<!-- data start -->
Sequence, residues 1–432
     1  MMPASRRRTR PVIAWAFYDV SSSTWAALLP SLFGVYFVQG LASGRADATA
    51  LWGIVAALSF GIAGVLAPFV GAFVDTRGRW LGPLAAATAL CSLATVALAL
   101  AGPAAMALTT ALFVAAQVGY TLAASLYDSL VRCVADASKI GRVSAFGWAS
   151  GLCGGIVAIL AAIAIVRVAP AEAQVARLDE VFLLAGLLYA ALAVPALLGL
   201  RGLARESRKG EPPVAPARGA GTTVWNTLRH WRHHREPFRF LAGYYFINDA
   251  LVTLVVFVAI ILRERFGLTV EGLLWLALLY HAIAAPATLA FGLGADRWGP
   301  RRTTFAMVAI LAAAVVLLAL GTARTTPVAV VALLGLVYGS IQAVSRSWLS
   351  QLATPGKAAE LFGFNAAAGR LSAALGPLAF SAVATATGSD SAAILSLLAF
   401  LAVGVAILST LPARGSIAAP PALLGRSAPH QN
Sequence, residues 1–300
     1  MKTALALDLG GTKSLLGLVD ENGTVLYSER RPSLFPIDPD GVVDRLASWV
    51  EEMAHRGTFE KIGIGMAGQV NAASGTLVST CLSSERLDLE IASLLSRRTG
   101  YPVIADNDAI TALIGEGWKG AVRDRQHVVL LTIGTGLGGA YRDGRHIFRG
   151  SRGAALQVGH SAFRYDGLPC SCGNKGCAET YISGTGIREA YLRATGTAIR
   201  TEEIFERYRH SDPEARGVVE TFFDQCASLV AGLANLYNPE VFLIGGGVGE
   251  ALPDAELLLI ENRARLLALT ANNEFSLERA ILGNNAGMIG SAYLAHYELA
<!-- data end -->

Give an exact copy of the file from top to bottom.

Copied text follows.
Sequence, residues 1–432
     1  MMPASRRRTR PVIAWAFYDV SSSTWAALLP SLFGVYFVQG LASGRADATA
    51  LWGIVAALSF GIAGVLAPFV GAFVDTRGRW LGPLAAATAL CSLATVALAL
   101  AGPAAMALTT ALFVAAQVGY TLAASLYDSL VRCVADASKI GRVSAFGWAS
   151  GLCGGIVAIL AAIAIVRVAP AEAQVARLDE VFLLAGLLYA ALAVPALLGL
   201  RGLARESRKG EPPVAPARGA GTTVWNTLRH WRHHREPFRF LAGYYFINDA
   251  LVTLVVFVAI ILRERFGLTV EGLLWLALLY HAIAAPATLA FGLGADRWGP
   301  RRTTFAMVAI LAAAVVLLAL GTARTTPVAV VALLGLVYGS IQAVSRSWLS
   351  QLATPGKAAE LFGFNAAAGR LSAALGPLAF SAVATATGSD SAAILSLLAF
   401  LAVGVAILST LPARGSIAAP PALLGRSAPH QN
Sequence, residues 1–300
     1  MKTALALDLG GTKSLLGLVD ENGTVLYSER RPSLFPIDPD GVVDRLASWV
    51  EEMAHRGTFE KIGIGMAGQV NAASGTLVST CLSSERLDLE IASLLSRRTG
   101  YPVIADNDAI TALIGEGWKG AVRDRQHVVL LTIGTGLGGA YRDGRHIFRG
   151  SRGAALQVGH SAFRYDGLPC SCGNKGCAET YISGTGIREA YLRATGTAIR
   201  TEEIFERYRH SDPEARGVVE TFFDQCASLV AGLANLYNPE VFLIGGGVGE
   251  ALPDAELLLI ENRARLLALT ANNEFSLERA ILGNNAGMIG SAYLAHYELA